Meth Detox.

Methamphetamine is more commonly known as “meth.” Other names for it include “crystal,” “glass,” “ice,” “speed,” and “crank.” This drug is classified as a stimulant, and there are both legal and illicit forms of it. A medication called “Desoxyn” is actually under the methamphetamine category. It’s used to treat those who are dealing with things such as ADHD. In some cases, people use this substance to help with weight loss. However, meth is commonly taken illicitly as this drug can be produced using everyday household items. This, of course, makes the drug more accessible to users. The main active ingredient in meth can be either pseudoephedrine or ephedrine. These ingredients can be found in many over-the-counter medications. So, users can actually create their own supply of methamphetamine by simply combining various inexpensive ingredients.

Meth Detox at Mountainview

Methamphetamine is a very addictive drug. It’s said that meth releases three times more dopamine than cocaine does. Dopamine is a chemical that acts as a messenger. When a person uses meth, this chemical is released to the areas of the brain that control the pleasure a person feels. Dopamine also controls things like motivation and alertness. Meth creates an extremely intense euphoric experience for its users. The commonly used term for this euphoria is “high.” This pleasurable feeling is part of what makes meth so addicting. Users enjoy the euphoric experience they have when they use meth. So, they continue to use the drug. Meth also causes a release of serotonin, a chemical that affects a person’s mood, appetite, and memory. In addition to feeling high, those who use meth may also experience a sudden alertness and a change in mood.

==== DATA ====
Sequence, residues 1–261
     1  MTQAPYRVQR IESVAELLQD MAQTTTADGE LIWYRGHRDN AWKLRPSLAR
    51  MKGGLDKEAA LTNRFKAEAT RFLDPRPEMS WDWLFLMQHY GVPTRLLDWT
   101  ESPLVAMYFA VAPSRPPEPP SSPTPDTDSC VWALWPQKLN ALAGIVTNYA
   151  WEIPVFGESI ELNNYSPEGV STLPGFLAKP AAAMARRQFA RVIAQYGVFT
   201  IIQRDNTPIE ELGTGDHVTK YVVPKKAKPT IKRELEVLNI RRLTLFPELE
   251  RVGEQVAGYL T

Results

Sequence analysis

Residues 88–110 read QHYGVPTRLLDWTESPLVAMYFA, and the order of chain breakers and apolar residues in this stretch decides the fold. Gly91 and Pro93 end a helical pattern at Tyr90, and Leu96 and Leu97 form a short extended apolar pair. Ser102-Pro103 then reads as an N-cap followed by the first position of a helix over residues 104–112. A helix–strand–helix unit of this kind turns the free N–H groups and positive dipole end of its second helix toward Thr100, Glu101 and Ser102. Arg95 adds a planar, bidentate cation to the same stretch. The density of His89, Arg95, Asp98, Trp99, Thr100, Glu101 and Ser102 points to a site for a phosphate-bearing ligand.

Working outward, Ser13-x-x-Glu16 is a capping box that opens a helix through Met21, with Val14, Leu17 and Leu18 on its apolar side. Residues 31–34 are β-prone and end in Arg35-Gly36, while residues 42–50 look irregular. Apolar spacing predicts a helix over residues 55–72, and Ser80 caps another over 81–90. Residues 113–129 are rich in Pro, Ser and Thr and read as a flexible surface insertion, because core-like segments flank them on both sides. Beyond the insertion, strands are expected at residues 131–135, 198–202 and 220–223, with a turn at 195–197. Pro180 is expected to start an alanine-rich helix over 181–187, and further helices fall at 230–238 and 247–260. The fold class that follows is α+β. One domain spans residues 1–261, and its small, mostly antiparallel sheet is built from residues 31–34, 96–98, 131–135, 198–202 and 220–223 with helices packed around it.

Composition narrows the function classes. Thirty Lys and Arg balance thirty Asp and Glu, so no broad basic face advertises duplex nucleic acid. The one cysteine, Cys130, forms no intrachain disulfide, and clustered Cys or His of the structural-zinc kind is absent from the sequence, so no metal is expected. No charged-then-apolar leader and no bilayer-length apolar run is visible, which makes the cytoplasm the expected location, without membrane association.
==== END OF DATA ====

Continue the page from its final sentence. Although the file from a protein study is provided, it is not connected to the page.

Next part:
When a person smokes or injects methamphetamine, he or she may feel the effects for nearly 12 hours. But the effects wear off after that. It’s difficult to “come down” from such an intense high. The period of coming down is often called “crashing.” When a person crashes, he or she may feel depressed and anxious. It’s also common for users to feel lethargic and extremely hungry during this period. So, to avoid this unpleasant experience, people often use more of the drug to get high again. There are many different effects of meth use. Some are short-term while others are long-term. And the effects can be mental, emotional, and physical.

Some of the short-term signs
and symptoms of meth use

  • Euphoria
  • Isolation
  • Alertness
  • Vomiting
  • Paranoia
  • Sweating
  • Nausea
  • Diarrhea
  • Shakiness
  • Talkativeness
  • Lack of sleep
  • Loss of appetite
  • Impulsive behavior
  • High blood pressure
  • Violent or strange behavior
  • Increased breathing rate
  • Feelings of excitement

Meth Withdrawal

After just a short period of using meth, people can build up a tolerance for this substance. This means that their bodies can become used to the drug. When this happens, people who may have once used a smaller dose of meth will find that it no longer produces the effects they want. This happens as a result of the increased tolerance for the drug. As a result, those who use meth will need to use more of the drug in order to get the desired effects. This leads to substance abuse and dependence.